We used to keep dogs, but Cathy would be a cat if it were a zodiac sign. The woman at the news agency near where we used to live complained about the dead cockroaches her cat left outside her yard door. And then a mouse with pink ballooning out of a hole in its neck. Appear happy with the gift, praise the cat, one customer said. And then when the cat isn’t looking, throw the mouse out. But what if you kept on eating the mice?

The ill-natured itch that lives under my bandages is having an outburst, boring through the back of my scalp, through my cheeks and my forehead. My gums swell, desperate to tell me something and I bite down hard. My hands, thick and yellow like chicken feet, twitch to tear off the bandages but I might not have a face left if I start scratching, if this is still a face. With my thick fingernails I would dig through the flesh until I scraped bone. And even then I would keep scratching until I pierced my brain to stop this itching, this hot prickling all over my skin, this pounding against my ears like someone smashing themselves against the inside of my head. It echoes in the cave of my belly where the hunger pain has been snoring, my insides trembling with each rising breath.

Maybe I should have been the man with cancer. I don’t know his name. Better that way. How Cathy carried him, a bag of bones, skin smeared with ash, sunken eye sockets, eyelids like wax as if he were becoming amphibious to swim through waters to the underworld. His eyes, when he occasionally opened them, were laundry detergent blue. I could see the anatomy of his elbow joint when I hoisted him to sit up in the stoic bed. Shoulder bones protruded from his back like the nubs of amputated wings. He groaned constantly. We closed all the windows. When he stopped it was only to sip water and mouth “thank you.” In the torchlight his lips reminded me of white dried dong sum root, no matter how many times I held the glass up to them.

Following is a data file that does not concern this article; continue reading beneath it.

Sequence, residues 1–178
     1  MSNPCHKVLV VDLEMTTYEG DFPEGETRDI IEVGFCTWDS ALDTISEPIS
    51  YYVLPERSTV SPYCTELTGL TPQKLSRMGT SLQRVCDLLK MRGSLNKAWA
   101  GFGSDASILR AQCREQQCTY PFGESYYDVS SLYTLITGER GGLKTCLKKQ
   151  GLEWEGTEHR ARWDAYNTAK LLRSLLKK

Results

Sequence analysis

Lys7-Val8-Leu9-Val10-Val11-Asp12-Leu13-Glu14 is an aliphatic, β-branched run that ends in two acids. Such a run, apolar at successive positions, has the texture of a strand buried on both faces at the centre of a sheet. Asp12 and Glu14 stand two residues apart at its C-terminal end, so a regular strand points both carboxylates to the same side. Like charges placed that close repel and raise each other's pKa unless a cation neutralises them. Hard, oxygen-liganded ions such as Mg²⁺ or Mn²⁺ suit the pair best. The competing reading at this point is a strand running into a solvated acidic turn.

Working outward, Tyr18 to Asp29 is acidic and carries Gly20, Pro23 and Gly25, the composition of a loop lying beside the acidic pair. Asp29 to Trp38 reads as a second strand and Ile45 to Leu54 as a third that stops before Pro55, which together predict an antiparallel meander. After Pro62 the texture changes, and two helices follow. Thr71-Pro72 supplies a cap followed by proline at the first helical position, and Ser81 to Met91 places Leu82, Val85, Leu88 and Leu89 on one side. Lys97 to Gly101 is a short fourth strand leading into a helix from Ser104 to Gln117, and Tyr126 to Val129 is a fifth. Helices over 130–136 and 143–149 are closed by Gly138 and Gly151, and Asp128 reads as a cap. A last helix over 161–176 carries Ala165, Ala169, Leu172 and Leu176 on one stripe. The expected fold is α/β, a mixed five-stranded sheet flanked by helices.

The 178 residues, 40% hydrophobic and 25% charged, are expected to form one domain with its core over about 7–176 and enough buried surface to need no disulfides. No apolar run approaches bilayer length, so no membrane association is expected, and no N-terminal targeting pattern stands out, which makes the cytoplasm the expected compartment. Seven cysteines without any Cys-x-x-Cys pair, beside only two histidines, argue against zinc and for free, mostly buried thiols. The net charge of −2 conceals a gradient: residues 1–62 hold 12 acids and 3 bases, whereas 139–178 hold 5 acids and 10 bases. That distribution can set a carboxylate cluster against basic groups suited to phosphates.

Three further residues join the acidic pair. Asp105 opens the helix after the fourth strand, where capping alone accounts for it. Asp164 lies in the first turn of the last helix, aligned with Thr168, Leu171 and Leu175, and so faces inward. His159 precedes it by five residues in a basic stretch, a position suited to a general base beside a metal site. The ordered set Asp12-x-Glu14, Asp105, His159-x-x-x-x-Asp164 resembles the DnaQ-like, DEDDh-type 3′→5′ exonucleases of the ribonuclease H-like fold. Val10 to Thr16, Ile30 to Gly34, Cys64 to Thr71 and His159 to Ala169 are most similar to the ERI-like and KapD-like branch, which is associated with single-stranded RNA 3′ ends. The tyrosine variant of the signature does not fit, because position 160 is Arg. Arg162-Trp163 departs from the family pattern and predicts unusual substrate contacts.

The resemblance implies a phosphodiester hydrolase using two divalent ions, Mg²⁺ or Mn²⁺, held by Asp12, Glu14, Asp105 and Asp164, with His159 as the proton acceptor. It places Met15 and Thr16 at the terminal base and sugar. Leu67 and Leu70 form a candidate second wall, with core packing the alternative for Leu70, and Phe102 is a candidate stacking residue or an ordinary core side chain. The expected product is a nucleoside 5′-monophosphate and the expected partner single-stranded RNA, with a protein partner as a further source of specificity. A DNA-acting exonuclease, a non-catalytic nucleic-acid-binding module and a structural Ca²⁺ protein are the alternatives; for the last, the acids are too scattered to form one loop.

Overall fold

The sound of plastic crinkling accompanied his body’s slow squirms of agony. “I know, I know,” I mouthed. Cathy had laid on the bed the plastic table cloth we once used for our dining table. He probably thought it was to catch his urine and vomit. He probably assumed I was another patient Cathy had promised to help into death. And even though my heart was stuck in my throat from his groaning, the pit of my stomach yawned. I pictured my teeth scraping every stubborn sinew off his bone, like eating raw ribs finger-licking clean. I smelled the blood wetting my bandages. I heard my mouth sucking at a thick straw of marrow. My gums and the roof of my mouth itched. What do tumours taste like?